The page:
• That’s a fantastic tip! I’ve never thought of that one. Newspaper or dyeing your hair! But you are right blending in and looking like someone who belongs will deflect a lot of attention away from you. Thank you for the comment and for the extra tips both are appreciated!

  4. DevisCarla says:

    Great article, traveling solo has a very different experience as compared to family traveling. Very well said that you should be sensitive to local customs. The tips are really helpful, thanks for sharing.

  5. alicesgapyearadventures says:

    I actually bought the book and it was really good and inspiring! Just like you said in the post it gave me so much confidence! I totally recommend it to any woman who is thinking of travelling!

  6. According to statistics and facts, males are the ones who are often killed during their travels.

    • Very true Raphael. The British Crime Survey (my first degree was in Criminology and I did my dissertation on gender differences and the fear of crime) states that young men are statistically more at risk of most types of violent assault, yet women have a much higher perceived fear of the crime. The exact same thing can be translated to this issue, where women’s perceived fear of what may happen is often far greater than the actual risk. Reasonable and sensible safety precautions should still always be taken of course, but that doesn’t mean that fear should turn into paranoia and stop women from travelling. Thanks for stopping by and commenting.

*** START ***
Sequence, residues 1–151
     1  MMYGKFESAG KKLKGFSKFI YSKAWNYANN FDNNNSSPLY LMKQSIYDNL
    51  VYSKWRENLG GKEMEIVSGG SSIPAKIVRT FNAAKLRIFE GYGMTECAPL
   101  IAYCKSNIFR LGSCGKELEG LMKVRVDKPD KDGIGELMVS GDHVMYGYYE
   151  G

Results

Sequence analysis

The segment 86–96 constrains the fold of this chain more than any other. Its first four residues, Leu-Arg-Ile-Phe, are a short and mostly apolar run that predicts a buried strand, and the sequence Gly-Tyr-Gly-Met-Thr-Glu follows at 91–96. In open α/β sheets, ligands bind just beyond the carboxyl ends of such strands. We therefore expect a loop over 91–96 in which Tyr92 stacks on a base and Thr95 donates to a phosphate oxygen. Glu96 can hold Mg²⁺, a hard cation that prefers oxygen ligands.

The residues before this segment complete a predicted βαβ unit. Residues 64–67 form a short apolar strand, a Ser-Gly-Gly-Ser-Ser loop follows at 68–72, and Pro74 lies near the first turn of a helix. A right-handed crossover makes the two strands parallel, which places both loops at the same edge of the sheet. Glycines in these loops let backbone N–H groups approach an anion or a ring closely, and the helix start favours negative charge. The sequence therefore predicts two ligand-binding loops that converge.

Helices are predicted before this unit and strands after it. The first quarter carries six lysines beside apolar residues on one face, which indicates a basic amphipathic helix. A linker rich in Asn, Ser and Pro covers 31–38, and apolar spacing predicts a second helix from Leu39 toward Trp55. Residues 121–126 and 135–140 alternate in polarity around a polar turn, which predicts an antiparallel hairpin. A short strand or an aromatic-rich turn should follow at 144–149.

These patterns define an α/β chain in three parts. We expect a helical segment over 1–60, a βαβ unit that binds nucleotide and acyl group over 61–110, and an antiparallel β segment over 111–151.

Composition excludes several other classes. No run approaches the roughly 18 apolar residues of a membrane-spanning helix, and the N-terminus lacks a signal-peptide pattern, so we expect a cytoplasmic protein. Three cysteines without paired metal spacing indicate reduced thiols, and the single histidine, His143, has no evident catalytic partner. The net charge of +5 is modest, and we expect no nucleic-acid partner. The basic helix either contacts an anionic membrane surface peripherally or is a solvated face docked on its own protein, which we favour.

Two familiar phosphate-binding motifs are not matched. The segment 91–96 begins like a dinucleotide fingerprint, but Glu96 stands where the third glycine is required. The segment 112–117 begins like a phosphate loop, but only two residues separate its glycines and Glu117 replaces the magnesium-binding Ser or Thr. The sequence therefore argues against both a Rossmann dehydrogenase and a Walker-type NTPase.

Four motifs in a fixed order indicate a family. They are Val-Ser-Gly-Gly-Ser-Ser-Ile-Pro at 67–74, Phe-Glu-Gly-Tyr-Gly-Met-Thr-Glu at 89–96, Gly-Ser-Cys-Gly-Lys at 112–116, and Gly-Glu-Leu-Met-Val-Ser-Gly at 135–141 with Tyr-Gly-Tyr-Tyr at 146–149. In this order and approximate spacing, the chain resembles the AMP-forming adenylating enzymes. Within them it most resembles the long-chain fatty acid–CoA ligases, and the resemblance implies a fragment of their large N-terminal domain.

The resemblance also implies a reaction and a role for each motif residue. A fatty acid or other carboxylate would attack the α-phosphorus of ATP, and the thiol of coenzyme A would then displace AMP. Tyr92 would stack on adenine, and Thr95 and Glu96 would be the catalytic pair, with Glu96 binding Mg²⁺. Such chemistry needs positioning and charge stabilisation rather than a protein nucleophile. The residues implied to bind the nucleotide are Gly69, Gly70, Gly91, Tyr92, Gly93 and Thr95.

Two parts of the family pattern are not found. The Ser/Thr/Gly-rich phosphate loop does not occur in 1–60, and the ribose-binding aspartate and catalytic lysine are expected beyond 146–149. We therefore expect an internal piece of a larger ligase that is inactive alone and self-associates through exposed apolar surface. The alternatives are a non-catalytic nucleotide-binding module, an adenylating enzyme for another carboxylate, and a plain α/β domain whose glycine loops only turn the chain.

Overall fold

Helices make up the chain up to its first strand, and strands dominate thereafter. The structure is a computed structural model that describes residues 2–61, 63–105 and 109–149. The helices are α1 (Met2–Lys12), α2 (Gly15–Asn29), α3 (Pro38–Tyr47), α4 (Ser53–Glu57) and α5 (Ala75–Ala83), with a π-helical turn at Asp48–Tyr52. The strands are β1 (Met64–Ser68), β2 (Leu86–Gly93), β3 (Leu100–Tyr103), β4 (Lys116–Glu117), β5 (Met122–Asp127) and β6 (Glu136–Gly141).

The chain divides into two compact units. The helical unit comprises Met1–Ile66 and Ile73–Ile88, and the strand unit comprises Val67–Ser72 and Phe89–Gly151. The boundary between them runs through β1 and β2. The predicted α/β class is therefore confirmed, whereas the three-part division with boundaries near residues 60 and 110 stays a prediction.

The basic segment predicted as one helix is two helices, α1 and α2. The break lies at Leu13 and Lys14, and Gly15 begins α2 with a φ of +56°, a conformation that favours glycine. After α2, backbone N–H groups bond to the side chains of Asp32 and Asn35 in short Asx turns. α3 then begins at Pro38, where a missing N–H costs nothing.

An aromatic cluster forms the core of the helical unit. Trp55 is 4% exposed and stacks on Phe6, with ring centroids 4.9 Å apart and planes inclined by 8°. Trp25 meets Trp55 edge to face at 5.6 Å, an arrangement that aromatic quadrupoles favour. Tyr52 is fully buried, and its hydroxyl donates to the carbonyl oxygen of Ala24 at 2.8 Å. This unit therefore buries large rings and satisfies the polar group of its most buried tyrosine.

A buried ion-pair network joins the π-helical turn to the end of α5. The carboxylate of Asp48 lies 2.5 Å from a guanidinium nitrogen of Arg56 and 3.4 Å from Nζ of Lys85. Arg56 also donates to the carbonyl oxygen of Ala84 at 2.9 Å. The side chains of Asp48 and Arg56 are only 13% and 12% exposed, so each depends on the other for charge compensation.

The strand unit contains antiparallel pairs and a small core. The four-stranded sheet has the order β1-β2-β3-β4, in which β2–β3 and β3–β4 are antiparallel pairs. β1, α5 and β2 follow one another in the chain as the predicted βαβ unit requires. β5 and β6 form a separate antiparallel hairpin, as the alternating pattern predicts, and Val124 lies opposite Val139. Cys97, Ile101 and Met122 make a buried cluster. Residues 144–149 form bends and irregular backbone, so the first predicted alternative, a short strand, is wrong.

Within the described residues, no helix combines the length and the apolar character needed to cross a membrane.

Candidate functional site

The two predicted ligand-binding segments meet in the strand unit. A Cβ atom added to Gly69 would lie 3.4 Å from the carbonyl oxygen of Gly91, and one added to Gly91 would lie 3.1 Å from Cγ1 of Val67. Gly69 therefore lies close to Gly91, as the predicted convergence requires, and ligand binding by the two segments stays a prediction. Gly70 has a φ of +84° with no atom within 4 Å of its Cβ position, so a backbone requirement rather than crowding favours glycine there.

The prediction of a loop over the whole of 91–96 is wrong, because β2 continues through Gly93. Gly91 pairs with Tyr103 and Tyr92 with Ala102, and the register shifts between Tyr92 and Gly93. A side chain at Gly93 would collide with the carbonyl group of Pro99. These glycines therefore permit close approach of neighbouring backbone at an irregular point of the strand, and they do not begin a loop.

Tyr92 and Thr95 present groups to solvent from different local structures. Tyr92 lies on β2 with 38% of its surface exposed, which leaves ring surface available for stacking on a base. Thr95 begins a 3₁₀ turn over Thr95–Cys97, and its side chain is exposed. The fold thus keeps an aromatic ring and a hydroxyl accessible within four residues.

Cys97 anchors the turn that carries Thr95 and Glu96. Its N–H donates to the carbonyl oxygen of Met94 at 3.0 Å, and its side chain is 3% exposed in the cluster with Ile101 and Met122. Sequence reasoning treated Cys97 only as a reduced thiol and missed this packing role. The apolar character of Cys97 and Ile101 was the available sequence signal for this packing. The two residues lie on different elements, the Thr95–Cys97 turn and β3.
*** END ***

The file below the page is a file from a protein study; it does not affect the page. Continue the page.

7. Marysia says:

    I have been bragging about it for ages. Common sense, common sense! Majority of places we visit are not more dangerous than home. Always pack your common sense with you and you will be fine!

  8. This is a great article, and after buying and reading your book I just wanted to say it was so reassuring for my own trip! I totally recommend it to anyone who is thinking of getting it. The section on scams to watch out for was super helpful, so thank you! Really glad I found your website!